Four freshman science courses Rick Perry should probably take

"Science? Can't we just talk about this giant flag?"

Presidential candidate Rick Perry reminded us at the Republican debate Wednesday night that he has a lot of trouble with science. Though some of his ignorant stances have contributed to his field-leading poll numbers, his public statements have repeatedly contradicted even 100-level science classes. It’s not about politics — it’s about academics, and it’s ridiculously simple. Here’s a few classes at the University of Maryland that might bring this Texas A&M grad into the 21st century.

1. PHYS105: Physics for Decision Makers: Global Energy Crisis
When asked at the debate about climate change, Perry said “the science is not settled on this. The idea that we would put Americans’ economy at [sic] jeopardy based on scientific theory that’s not settled yet, to me, is just, is nonsense.”

Back on Earth, however, the issue is quite settled — it’s his base who refuses to believe it and his financial backers who refuse to care. It could be worse, though — he could have quoted fellow candidate Michele Bachmann, who said there is no proof carbon dioxide is harmful at all. Perry should probably carpool with her to this class on Tuesdays and Thursdays:

This marquee course will consider the global energy crisis from a scientific perspective. Topics include basic laws of energy and thermodynamics, their effects on energy production and distribution, greenhouse gas, global warming and policy options for decision makers. This course is aimed at the non-science major.

2. PHYS101: Revolutions in Physics

Perry also went on to say “just because you have a group of scientists that have stood up and said here is the fact, Galileo got outvoted for a spell.” This is not the first blog to point out that this statement doesn’t make any sense, probably because it’s so outrageously nonsensical that no one can figure out how to extract any meaning out of it.

What a joker!

But, for what it’s worth, when he says “group of scientists that have stood up,” he means “97–98% of the climate researchers most actively publishing in the field,” according to a study published by the National Academy of Sciences.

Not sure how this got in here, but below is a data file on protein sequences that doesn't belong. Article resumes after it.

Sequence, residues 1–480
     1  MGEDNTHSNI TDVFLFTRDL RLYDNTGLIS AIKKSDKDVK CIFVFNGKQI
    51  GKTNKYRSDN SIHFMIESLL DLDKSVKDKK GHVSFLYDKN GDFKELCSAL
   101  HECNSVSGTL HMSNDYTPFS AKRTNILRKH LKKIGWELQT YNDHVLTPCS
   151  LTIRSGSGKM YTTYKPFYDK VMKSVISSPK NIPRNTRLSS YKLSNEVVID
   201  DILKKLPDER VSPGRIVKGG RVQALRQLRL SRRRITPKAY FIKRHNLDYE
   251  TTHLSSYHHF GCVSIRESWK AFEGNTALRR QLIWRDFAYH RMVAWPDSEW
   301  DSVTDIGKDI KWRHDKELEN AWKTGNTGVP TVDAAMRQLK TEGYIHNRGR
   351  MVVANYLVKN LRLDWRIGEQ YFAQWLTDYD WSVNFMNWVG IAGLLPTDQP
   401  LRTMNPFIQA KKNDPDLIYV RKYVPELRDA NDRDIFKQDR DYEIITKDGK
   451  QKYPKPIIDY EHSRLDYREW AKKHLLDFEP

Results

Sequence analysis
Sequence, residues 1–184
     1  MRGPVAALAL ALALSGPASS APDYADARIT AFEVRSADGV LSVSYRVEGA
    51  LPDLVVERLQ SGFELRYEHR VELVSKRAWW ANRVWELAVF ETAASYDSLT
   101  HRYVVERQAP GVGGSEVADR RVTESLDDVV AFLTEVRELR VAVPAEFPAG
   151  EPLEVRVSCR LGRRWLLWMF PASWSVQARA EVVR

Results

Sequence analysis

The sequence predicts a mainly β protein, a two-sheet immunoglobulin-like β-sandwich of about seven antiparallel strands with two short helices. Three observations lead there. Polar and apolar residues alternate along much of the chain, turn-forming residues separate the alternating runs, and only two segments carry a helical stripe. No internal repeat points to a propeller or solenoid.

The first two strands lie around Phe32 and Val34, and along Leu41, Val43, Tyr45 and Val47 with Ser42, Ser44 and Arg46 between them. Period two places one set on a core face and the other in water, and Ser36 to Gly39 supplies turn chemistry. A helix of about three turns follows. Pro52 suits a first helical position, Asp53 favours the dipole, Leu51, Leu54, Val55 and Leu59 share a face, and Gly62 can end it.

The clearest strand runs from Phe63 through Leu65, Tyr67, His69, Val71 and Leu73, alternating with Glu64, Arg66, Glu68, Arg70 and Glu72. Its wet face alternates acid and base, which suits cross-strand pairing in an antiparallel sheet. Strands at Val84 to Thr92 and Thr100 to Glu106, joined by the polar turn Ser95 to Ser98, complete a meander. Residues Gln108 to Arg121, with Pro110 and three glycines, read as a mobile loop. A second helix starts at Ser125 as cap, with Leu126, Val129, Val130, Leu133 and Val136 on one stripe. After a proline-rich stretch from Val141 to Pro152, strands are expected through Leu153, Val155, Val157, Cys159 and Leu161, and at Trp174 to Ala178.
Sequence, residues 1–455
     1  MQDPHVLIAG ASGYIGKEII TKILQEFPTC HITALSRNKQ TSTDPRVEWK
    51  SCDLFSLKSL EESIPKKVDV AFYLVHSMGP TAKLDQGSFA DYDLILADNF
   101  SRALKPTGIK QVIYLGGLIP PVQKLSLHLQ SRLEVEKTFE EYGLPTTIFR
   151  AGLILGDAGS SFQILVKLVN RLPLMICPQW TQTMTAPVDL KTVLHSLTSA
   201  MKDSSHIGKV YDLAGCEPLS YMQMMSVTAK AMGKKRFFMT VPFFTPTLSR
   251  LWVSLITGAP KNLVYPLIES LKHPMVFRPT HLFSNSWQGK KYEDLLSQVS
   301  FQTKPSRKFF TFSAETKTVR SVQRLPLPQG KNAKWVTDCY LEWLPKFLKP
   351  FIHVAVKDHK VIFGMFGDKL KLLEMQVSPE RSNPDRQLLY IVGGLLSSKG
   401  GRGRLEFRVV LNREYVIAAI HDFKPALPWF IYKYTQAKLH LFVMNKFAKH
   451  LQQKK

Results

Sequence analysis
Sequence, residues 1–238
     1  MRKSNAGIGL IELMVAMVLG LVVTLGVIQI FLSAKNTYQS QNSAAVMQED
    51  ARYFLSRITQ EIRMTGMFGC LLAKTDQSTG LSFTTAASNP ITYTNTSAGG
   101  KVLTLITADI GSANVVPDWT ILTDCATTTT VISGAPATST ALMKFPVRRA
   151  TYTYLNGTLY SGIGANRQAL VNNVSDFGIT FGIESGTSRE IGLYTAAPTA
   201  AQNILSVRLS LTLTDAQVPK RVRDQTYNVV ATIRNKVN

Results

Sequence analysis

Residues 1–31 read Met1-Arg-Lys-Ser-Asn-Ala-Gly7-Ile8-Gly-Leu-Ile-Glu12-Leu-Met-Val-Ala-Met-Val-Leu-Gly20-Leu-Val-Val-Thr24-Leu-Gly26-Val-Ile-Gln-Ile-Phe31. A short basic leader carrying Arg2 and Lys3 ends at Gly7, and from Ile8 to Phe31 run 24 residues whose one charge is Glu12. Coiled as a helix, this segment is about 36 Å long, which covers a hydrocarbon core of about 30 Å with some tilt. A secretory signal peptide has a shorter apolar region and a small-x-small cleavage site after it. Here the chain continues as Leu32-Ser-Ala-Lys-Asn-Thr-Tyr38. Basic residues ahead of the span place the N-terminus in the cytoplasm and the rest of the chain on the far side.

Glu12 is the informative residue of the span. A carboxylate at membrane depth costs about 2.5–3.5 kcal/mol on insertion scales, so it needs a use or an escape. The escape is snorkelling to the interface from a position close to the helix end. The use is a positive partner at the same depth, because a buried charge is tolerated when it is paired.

That doesn’t bother Perry though, because the scientists, you see, are liars. He said last month that “there are a substantial number of scientists who have manipulated data so that they would have dollars rolling in to their projects. We’re seeing it almost weekly or almost daily, scientists who are coming forward and questioning the original idea that manmade global warming is what is causing the climate to change.”

He has not told anyone who these scientists are, or why he is the only one hearing from them.

He’s also way, way off on the Galileo, who was not “outvoted” by anybody. When Galileo wrote that evidence suggested the Earth rotated around the Sun and not the other way around, the Catholic Church decided they’d had enough of this “thought backed up by evidence” business and had Galileo thrown in jail. He spent the last decade of his life under house arrest.

There wasn’t any voting; it was religion suppressing science, and Perry’s all for that if it will get him votes. He could have gotten a bit more perspective — and Galileo’s actual history — in the class that’s described as:

For non-science students who are interested in the evolution of scientific thought and its present day significance. Historical, philosophic, experimental and theoretical aspects of physics are presented. Topics in mechanics, relativity, electricity and magnetism, and nuclear physics are covered.


3. ENFP108: Hot Topics in Fire Protection Engineering

This class may have helped him generate an informed response to the (global warming-exacerbated) wildfires that were tearing through his state over the summer. While it’s only a one-credit, entry-level course, it would probably come up at some point that the proper method of fighting fires is not to declare official days of rain prayer.

4. BSCI103: The World of Biology Perry’s most visible (and obvious) slams against science have been in relation to evolution and teaching it in schools. Last month, he told a child at a rally that evolution is “a theory that’s out there,” but that “it’s got some gaps in it. In Texas we teach both creationism and evolution.”

It's written down. It must be true.

He didn’t elaborate on where the gaps were — perhaps because there aren’t any. He might also benefit from a brief lesson in what a “gap” is, because there are more than a few in the 2,500-year-old document he’s using as his proposed alternative.

And as for teaching “both,” it’s a gray area that, as a policy, is unconstitutional. it’s clear he would benefit from:

An introduction to modern biology for the non-science major. Major themes include molecular biology, cell biology, evolution and organismal biology.

He’d probably have to pay out-of-state tuition, but Perry spending a semester at UMD might do us all a bit of good.

You can also check out Campus Drive on Facebook and on Twitter at @theDBK.


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